Fumio Sasaki is one of the many people in Japan who have decided that less is more. They’ve converted their homes and lifestyle into a minimalist one. Fumio only owns three shirts, four pants, and four pairs of socks. He only has a total of 150 belongings and doesn’t want any more than that.
Two years ago, Fumio claimed he became tired of keeping up with trends, “I kept thinking about what I did not own, what was missing.”
He came to the realization that living a minimalistic life meant a life of more living.
“Spending less time on cleaning or shopping means I have more time to spend with friends, go out, or travel on my days off. I have become a lot more active.”
Although it may seem like the goal is to rid of all the clutter in your life, it is not.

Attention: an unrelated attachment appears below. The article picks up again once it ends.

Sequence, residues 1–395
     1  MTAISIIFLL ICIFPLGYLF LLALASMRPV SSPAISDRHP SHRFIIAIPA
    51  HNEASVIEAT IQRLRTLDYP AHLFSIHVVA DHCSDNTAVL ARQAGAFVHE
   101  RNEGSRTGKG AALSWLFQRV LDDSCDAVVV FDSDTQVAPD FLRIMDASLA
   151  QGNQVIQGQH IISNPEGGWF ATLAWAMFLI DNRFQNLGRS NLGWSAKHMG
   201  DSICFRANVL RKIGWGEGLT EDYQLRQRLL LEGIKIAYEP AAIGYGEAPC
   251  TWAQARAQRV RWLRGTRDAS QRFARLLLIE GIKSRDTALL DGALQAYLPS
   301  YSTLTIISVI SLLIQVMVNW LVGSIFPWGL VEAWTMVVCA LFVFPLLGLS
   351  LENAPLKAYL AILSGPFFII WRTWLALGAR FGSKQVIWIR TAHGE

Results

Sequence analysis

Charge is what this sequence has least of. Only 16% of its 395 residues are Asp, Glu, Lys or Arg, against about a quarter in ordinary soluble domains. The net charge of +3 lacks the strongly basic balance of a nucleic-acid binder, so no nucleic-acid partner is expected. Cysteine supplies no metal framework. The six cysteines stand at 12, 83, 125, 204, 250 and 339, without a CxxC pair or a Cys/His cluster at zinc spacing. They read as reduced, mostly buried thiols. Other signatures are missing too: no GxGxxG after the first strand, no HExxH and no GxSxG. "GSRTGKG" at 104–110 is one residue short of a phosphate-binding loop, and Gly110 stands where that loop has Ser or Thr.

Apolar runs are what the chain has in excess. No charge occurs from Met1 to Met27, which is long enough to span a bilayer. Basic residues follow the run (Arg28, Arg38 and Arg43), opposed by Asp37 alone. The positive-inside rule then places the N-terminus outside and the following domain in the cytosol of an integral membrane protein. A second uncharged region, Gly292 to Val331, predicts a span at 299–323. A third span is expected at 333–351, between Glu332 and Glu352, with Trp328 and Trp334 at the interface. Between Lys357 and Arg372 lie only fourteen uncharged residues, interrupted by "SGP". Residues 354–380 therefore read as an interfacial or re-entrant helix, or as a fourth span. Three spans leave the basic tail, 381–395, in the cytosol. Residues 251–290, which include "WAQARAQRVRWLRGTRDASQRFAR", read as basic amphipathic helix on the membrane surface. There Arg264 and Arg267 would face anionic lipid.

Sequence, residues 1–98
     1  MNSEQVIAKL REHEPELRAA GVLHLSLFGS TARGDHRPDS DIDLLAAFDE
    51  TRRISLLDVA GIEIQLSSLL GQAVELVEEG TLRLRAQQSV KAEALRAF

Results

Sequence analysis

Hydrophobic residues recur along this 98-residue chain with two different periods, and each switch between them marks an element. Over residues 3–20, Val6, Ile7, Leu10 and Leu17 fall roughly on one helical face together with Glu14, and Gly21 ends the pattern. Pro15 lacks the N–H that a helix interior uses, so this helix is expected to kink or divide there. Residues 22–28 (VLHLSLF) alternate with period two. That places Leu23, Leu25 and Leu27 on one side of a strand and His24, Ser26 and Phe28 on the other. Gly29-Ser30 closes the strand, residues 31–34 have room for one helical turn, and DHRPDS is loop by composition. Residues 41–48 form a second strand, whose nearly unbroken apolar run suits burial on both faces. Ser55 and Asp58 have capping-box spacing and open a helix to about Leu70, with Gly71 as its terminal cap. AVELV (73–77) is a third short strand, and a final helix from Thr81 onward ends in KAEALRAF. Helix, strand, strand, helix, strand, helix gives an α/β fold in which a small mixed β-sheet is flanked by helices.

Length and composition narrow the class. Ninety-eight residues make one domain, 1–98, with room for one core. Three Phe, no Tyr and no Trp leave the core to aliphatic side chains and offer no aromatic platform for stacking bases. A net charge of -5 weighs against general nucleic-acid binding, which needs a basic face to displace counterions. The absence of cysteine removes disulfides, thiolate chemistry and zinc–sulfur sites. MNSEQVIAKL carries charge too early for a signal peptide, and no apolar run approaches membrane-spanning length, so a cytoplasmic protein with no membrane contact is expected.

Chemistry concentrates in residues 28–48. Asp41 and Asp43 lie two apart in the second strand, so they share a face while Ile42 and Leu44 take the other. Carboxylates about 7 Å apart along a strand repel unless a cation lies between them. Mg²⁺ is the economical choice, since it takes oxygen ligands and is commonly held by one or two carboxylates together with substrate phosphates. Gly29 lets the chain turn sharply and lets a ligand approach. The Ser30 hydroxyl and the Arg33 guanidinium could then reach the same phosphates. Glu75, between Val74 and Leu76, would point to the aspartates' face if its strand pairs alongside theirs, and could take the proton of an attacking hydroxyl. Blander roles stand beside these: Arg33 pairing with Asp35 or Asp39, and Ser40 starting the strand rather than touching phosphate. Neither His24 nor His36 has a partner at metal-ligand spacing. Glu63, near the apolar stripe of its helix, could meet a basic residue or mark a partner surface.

It is more about re-evaluating what possessions mean to you.
Others even claim that this type of lifestyle in your home serves for a practical purpose, to risk injuries during an earthquake or any other natural disaster.
In addition to lessening your possessions, some also practice sound minimalism by moving around carefully without creating noise.
In result, their movements become more graceful and pleasant.
For some it is about gaining time to concentrate on other aspects of their lives.
Katsyta Toyoda, an online publication editor, is another individual who has become a minimalist.
“It’s not that I had more things than the average person, but that didn’t mean that I valued or liked everything I owned,” said Katsuya.
Katsuya only owns one table and one futon in his 22-square-metre apartment.
“I became a minimalist so I could let things I truly liked surface in my life,” adds Katsuya.
It makes you re-think about your own lifestyle and the value you hold to your personal belongings.